skip to main content

S. 897 (114th): Jesse Lewis Empowering Educators Act

The text of the bill below is as of Apr 13, 2015 (Introduced).


II

114th CONGRESS

1st Session

S. 897

IN THE SENATE OF THE UNITED STATES

April 13, 2015

(for himself and Mr. Murphy) introduced the following bill; which was read twice and referred to the Committee on Health, Education, Labor, and Pensions

A BILL

To support evidence-based social and emotional learning programming.

1.

Short title

This Act may be cited as the Jesse Lewis Empowering Educators Act.

2.

Findings

Congress makes the following findings:

(1)

To succeed in school, students need to be engaged. They need to know how to maintain focus and effort in the face of setbacks, work effectively with others, and be good communicators and problem-solvers.

(2)

Social and emotional skills form a foundation for young people’s success not just in school, but as healthy and caring adults, productive workers, and engaged citizens.

(3)

Not only can these skills be taught, they can be taught in schools of every type to students of every background by regular classroom teachers who receive adequate training on methods for developing their own social and emotional learning skills and integrating social and emotional learning into the standard curriculum.

(4)

Academic outcomes resulting from social and emotional learning include greater motivation to learn and commitment to school, increased time devoted to schoolwork and mastery of subject matter, and improved attendance, graduation rates, grades, and test scores.

(5)

These positive outcomes increase in students who are involved in social and emotional learning programming by an average of 11 percentile points over students who are not involved in such programming.

(6)

Social and emotional learning programming also results in reduced problem behavior, improved health outcomes, a lower rate of violent delinquency, and a lower rate of heavy alcohol use.

3.

Amendments to the Elementary and Secondary Education Act of 1965

(a)

Teacher and principal training and recruiting fund

Part A of title II of the Elementary and Secondary Education Act of 1965 (20 U.S.C. 6601 et seq.) is amended—

(1)

in section 2113(c)(2)—

(A)

in subparagraph (A), by striking and after the semicolon;

(B)

in subparagraph (B), by striking the period at the end and inserting ; and; and

(C)

by adding at the end the following:

(C)

train teachers and principals in practices that have demonstrated effectiveness in improving student achievement, attainment, and behavior through addressing the social and emotional development needs of students, such as through social and emotional learning programming.

; and

(2)

in section 2123(a)(3)(B)(iii)—

(A)

in subclause (I), by striking and after the semicolon;

(B)

by redesignating subclause (II) as subclause (III); and

(C)

by inserting after subclause (I) the following:

(II)

addressing the social and emotional development needs of students to improve student achievement and attainment, such as through social and emotional learning programming; and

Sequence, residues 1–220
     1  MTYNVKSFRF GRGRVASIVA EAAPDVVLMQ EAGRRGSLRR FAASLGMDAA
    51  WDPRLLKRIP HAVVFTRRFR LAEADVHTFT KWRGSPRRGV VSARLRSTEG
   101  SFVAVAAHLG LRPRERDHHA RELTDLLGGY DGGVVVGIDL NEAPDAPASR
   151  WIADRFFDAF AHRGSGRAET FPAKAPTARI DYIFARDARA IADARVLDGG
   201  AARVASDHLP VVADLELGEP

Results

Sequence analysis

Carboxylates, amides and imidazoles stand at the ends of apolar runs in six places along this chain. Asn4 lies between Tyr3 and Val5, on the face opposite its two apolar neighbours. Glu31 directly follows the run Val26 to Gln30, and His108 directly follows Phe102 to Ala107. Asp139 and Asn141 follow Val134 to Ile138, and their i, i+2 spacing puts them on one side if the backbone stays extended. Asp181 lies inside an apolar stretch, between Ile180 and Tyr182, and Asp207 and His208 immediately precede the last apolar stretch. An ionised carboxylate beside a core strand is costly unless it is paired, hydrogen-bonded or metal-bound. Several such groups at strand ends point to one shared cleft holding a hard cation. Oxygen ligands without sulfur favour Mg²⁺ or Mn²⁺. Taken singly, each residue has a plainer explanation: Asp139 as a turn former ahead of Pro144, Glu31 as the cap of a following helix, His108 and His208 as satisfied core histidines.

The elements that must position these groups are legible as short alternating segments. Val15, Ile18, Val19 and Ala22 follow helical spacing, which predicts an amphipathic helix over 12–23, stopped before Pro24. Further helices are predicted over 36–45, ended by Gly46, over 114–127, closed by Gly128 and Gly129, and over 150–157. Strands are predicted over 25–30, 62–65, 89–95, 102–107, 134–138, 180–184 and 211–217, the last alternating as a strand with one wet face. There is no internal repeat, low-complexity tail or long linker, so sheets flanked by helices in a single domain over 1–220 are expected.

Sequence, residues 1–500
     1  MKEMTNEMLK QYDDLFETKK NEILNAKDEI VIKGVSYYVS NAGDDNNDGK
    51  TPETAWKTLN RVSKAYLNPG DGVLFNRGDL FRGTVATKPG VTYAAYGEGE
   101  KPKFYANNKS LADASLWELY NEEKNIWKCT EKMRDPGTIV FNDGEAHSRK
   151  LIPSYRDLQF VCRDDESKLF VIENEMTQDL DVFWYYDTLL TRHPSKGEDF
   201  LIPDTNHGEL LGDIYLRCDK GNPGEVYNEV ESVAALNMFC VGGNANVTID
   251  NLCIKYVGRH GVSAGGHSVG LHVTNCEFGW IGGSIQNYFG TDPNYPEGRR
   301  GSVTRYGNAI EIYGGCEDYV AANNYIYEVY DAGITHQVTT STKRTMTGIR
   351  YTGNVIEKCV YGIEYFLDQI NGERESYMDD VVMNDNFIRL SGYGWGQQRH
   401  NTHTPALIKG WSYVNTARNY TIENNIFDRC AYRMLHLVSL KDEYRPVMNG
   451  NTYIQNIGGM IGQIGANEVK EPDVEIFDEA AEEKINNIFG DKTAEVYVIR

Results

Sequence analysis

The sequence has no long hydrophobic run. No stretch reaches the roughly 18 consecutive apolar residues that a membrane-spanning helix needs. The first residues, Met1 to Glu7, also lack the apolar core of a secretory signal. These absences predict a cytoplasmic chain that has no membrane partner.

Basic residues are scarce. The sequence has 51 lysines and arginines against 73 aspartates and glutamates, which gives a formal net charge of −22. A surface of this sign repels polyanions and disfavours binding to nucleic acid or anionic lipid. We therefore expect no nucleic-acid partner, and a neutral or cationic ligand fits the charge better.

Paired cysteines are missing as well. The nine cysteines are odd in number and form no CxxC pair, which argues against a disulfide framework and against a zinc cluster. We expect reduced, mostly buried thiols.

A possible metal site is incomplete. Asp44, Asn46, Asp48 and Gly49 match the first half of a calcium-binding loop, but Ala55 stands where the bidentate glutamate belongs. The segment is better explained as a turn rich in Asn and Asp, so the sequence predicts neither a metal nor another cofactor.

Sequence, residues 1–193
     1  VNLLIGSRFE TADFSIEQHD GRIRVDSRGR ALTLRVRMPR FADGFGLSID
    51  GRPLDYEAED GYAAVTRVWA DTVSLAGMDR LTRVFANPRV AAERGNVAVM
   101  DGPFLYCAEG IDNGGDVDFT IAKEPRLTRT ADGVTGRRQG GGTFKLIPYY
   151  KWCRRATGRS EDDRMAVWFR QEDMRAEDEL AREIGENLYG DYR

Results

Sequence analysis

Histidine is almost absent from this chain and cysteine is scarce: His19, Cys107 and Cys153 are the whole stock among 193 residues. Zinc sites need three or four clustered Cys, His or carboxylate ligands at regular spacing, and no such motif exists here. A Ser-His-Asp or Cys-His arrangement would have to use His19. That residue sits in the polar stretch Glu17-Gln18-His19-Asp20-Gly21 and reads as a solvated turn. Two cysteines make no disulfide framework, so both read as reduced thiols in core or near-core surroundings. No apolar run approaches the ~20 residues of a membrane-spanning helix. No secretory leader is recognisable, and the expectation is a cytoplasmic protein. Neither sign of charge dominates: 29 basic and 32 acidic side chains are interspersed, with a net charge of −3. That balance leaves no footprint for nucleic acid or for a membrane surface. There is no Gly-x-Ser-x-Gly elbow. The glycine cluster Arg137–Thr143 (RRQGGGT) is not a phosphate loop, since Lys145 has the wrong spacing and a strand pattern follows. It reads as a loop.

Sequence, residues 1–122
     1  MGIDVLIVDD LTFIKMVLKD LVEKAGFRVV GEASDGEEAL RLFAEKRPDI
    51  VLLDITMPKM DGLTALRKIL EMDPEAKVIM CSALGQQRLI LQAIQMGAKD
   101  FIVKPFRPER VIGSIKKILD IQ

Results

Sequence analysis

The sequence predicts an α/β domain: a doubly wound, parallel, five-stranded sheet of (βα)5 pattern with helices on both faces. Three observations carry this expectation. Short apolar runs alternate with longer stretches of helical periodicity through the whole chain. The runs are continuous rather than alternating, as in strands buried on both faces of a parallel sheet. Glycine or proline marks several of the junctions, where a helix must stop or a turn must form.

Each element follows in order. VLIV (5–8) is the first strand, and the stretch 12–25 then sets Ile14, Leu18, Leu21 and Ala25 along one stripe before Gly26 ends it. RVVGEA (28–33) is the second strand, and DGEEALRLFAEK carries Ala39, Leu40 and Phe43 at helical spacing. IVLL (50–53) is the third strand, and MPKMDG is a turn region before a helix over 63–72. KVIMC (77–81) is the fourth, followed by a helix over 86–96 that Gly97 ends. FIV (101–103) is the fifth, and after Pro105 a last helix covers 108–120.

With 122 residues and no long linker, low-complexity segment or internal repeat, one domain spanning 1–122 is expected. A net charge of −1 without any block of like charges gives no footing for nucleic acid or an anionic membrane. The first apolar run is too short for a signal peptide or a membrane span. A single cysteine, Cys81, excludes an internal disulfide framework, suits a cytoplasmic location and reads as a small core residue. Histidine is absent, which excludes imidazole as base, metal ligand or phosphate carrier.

.

(b)

Definitions

Section 9101 of the Elementary and Secondary Education Act of 1965 (20 U.S.C. 7801) is amended—

(1)

by redesignating the undesignated paragraph following paragraph (39) and paragraphs (41) through (43) as paragraphs (42) through (45), respectively; and

(2)

by inserting after paragraph (39) the following:

(40)

Social and emotional learning

The term social and emotional learning means the process through which children and adults acquire the knowledge, attitudes, and skills associated with the core areas of social and emotional competency, including—

(A)

self-awareness and self-management to achieve school and life success, such as—

(i)

identifying and recognizing strengths, needs, emotions, values, and self-efficacy;

(ii)

emotion regulation, including impulse control and stress management;

(iii)

self-motivation and discipline; and

(iv)

goal setting and organizational skills;

(B)

social awareness and interpersonal skills to establish and maintain positive relationships, such as perspective taking and respect for others, communication, working cooperatively, negotiation, conflict management, and help-seeking; and

(C)

decisionmaking skills and responsible behaviors in personal, academic, and community contexts, such as situational analysis, problem solving, reflection, and personal, social, and ethical responsibility.

(41)

Social and emotional learning programming

The term social and emotional learning programming refers to evidence-based classroom instruction and schoolwide activities and initiatives that—

(A)

integrate social and emotional learning into the school curriculum;

(B)

provide systematic instruction whereby social and emotional skills are taught, modeled, practiced, and applied so that students use the skills as part of the students’ daily behavior;

(C)

teach students to apply social and emotional skills to—

(i)

prevent specific problem behaviors such as substance use, violence, bullying, and school failure; and

(ii)

promote positive behaviors in class, school, and community activities; and

(D)

establish safe and caring learning environments that foster student participation, engagement, and connection to learning and school.

.